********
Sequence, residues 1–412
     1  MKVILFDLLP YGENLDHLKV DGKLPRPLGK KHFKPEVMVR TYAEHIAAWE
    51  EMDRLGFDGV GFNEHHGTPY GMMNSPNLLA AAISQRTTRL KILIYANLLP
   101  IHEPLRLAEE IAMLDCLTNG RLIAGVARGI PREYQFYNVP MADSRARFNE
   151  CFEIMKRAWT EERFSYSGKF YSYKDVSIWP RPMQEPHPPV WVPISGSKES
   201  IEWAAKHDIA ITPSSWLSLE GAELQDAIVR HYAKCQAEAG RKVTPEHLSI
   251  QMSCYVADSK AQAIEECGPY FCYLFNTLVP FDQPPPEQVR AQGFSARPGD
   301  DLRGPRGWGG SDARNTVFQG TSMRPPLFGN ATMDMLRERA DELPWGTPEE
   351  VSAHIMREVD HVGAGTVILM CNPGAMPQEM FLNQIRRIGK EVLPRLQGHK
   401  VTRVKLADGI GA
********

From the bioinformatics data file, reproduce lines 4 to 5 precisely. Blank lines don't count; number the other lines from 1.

   101  IHEPLRLAEE IAMLDCLTNG RLIAGVARGI PREYQFYNVP MADSRARFNE
   151  CFEIMKRAWT EERFSYSGKF YSYKDVSIWP RPMQEPHPPV WVPISGSKES